Voting: Deaf or Disabled?

Amy Cohen Efron shares her personal experience about voting in Georgia.

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Georgia has advanced voting process which allows people to vote one week before the election. There were long lines (I mean, LONG!) at voting places and I decided to be brave and stick it out last Wednesday night.

When I was standing on the line, I saw several postings which says:

Between the hours of 9:30 a.m. and 4:30 p.m., voters who are 75 years of age or older or who are physically disabled may, upon request to a poll officer, vote immediately without waiting in line.

It was after 6 p.m, I was thinking…

“Am I physically disabled to vote immediately without waiting in line?”

I decided that I am not physically disabled, and I know that I am capable to stand in line and wait just like anyone else. Just because I am Deaf, not physically disabled.

I am proud that I stood in line for approximately 2 hours to vote! I’ll never forget this experience.

Amy Cohen Efron

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20 comments on “Voting: Deaf or Disabled?


I stood in line for approximately 2 hours too! And I had butterflies in my tummy when i voted.

Yay, America!


In Minnesota, we can only do the absentee ballot if we meet certain criteria. One of them is being disabled, taking advantage of this, I’ve voted by absentee ballot for several years. Yesterday was the second time I’ve ever voted on election day.

Heck no. I ain’t disabled. I stood in line for about 30 minutes, then voted!

Hi Amy, I would feel the same way if I was in your shoes. I dislike to be considered being disabled. Fortenately, I reside in the village which is rather called than “city” because it is so small (I mean it is too small to have a city). I was in the line for only 20 minutes and overall, it took me only 30 minutes. I used to live in Metro Atlanta for years. I remember well to be in a line to vote. It would take me forever but after voting, I felt proud and worthy it. I am proud to be witness this historic victory last night!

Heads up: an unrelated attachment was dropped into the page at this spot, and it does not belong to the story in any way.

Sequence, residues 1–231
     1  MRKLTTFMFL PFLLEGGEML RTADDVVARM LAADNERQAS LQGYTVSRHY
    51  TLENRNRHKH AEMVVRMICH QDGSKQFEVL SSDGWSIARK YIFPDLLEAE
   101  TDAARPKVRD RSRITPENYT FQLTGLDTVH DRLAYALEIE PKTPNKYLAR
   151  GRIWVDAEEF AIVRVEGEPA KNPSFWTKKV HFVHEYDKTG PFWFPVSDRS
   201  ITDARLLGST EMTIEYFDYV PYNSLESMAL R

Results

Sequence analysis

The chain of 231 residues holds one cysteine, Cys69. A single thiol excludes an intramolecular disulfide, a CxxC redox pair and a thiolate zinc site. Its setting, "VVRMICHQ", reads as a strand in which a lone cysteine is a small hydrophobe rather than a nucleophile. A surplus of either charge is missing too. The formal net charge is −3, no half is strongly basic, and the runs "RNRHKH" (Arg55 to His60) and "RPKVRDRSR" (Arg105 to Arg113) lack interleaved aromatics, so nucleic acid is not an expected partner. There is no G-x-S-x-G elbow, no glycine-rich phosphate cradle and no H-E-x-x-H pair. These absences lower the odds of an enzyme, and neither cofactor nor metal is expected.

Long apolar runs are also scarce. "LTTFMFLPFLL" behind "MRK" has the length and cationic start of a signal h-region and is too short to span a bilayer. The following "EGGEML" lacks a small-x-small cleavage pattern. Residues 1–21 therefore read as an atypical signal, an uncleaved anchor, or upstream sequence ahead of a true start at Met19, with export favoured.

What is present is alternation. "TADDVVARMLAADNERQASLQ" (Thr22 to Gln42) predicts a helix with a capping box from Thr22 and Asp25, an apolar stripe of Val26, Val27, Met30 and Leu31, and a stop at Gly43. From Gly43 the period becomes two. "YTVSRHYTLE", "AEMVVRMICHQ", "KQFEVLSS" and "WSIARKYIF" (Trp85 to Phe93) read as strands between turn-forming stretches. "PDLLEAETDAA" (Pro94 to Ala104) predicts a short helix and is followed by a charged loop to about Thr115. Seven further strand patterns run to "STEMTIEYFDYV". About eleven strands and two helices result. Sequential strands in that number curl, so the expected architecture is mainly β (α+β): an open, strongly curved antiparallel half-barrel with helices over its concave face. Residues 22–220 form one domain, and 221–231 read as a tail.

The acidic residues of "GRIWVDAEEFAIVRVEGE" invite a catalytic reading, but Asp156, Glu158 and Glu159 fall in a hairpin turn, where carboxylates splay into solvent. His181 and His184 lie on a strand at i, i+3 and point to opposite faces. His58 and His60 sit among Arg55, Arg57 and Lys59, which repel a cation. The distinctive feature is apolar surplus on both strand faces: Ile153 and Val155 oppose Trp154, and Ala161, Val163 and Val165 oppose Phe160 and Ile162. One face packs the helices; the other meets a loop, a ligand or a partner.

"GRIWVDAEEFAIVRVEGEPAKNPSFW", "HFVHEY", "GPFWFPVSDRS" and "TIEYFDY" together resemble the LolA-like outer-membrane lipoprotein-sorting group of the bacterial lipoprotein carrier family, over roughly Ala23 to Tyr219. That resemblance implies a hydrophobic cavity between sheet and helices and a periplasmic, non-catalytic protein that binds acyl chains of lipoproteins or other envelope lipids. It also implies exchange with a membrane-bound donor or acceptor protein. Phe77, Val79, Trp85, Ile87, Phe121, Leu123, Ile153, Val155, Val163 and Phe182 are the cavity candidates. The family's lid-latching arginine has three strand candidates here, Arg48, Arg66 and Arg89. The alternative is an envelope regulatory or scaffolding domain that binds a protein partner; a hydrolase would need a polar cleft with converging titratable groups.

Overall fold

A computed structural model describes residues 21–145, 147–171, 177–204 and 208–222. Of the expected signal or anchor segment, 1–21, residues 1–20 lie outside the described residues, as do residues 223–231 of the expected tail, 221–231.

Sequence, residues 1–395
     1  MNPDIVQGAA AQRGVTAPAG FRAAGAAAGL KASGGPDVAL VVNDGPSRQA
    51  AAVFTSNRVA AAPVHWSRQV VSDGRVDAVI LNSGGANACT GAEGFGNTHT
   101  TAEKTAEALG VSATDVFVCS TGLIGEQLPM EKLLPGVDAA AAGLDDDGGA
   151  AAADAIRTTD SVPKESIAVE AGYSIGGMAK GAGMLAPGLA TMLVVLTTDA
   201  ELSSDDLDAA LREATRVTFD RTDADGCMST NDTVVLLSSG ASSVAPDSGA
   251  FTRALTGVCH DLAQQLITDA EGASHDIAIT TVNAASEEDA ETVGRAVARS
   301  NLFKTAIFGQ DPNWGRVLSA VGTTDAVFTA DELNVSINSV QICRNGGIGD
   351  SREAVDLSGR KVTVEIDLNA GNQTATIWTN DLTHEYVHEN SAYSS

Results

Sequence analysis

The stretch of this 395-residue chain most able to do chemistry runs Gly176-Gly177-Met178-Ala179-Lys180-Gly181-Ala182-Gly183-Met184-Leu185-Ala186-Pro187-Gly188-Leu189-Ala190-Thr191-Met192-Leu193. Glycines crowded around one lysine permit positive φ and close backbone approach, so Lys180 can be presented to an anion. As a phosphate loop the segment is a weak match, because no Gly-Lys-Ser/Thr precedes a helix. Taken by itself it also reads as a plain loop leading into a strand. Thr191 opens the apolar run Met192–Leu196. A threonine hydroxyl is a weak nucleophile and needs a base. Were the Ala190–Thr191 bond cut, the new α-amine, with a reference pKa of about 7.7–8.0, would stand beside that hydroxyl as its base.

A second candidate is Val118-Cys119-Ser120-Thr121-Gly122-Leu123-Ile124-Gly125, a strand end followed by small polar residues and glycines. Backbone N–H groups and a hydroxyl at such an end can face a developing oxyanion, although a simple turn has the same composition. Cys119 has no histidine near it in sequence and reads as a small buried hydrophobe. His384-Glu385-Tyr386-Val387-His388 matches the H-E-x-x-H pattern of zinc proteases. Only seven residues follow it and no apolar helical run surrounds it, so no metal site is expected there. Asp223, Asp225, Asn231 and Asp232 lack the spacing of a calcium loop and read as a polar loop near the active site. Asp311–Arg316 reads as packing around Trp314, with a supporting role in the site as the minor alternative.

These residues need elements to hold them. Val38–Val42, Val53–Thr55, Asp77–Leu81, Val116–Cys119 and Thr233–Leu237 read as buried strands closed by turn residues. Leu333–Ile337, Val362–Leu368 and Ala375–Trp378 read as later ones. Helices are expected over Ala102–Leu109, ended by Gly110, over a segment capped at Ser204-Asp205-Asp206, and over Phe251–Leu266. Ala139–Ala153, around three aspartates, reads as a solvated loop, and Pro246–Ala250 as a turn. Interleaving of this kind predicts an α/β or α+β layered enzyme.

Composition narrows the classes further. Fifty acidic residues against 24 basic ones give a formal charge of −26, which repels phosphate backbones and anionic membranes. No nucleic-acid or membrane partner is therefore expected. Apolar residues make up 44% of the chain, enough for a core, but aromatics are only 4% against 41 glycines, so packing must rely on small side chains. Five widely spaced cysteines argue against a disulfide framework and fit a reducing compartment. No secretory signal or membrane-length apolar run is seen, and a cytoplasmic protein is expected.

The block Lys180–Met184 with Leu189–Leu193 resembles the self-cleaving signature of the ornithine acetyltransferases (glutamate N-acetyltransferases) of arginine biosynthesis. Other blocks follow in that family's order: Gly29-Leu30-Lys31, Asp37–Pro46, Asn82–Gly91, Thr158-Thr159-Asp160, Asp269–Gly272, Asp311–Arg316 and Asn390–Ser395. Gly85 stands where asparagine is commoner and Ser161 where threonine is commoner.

It took me and my son just half an hour or less of waiting, and it was because we lived in a relatively rural area.

Two hours seems a bit much, so perhaps sending a note to the Board of Elections that they need to rethink their system could be in order. They want to encourage people to come out and vote, not to make things harder for them.

Yeah, I brought my kids along, we stood in the line for almost a hour, I saw a sign that was for elderly people, it didn’t say anything about disabled people.

It would have been nice if there was a sign language interpreter, however a man knew a little bit sign language, he explained briefly to me what to do.

I definitely feel that we need better accessibility for deaf voters (providing interpreters) but not in the line. Where is our accessibility? If they are willing to provide services for elderly and physically disabled but not the rest of the disabled people like visual impaired, deaf or whatever, then something is definitely wrong here.

I find hard to believe when a sign says, “75 years old or older or physically disabled”, that a deaf person would go to the head of the line and I would be even more disgusted if the polling place workers allowed it.

in oregon we have mail ballots so we dont have to go out and wait in the line to vote. i like mail ballots because I can research for more information before i vote at my leisure time. One negative… it is easy to forget to mail it or drop it at a public ballot box. It did happen to me before oops… not this time tho.


You brought up the good topic how we identify ourselves as “deaf” or “physically disabled”.

No questions about many of us do not consider ourselves fully disabled or disabled in any way.

Sadly, the definition of physical definition is very vague and non-specific in general.

I stood in the line, instead of letting the poll worker to dispatch me to the front of the line. That only took me about 20 minutes. I wanted to give the impression to the general public that the deaf people do not look for any kind of preferential treatment for faster service or whatever it is.

I did give an advice to one of the DR reader if she found herself in the long line. That person had much right for such an option if someone request for such an immediate access.

That’s what I was previously trained as a poll worker for two consecutive elections. The poll workers had no right to determine or decide whether someone is disabled or not.

Yes, some people abuse that kind of disabled definition.

I am physically disabled in some ways from last year’s auto accident. I couldn’t stand much longer, but I did stood in the line last two weeks ago with some physical pain. Thank God, appx. 20 minutes waiting time with free sodas and snacks being provided by the nearby bank inside the government building for interested voters.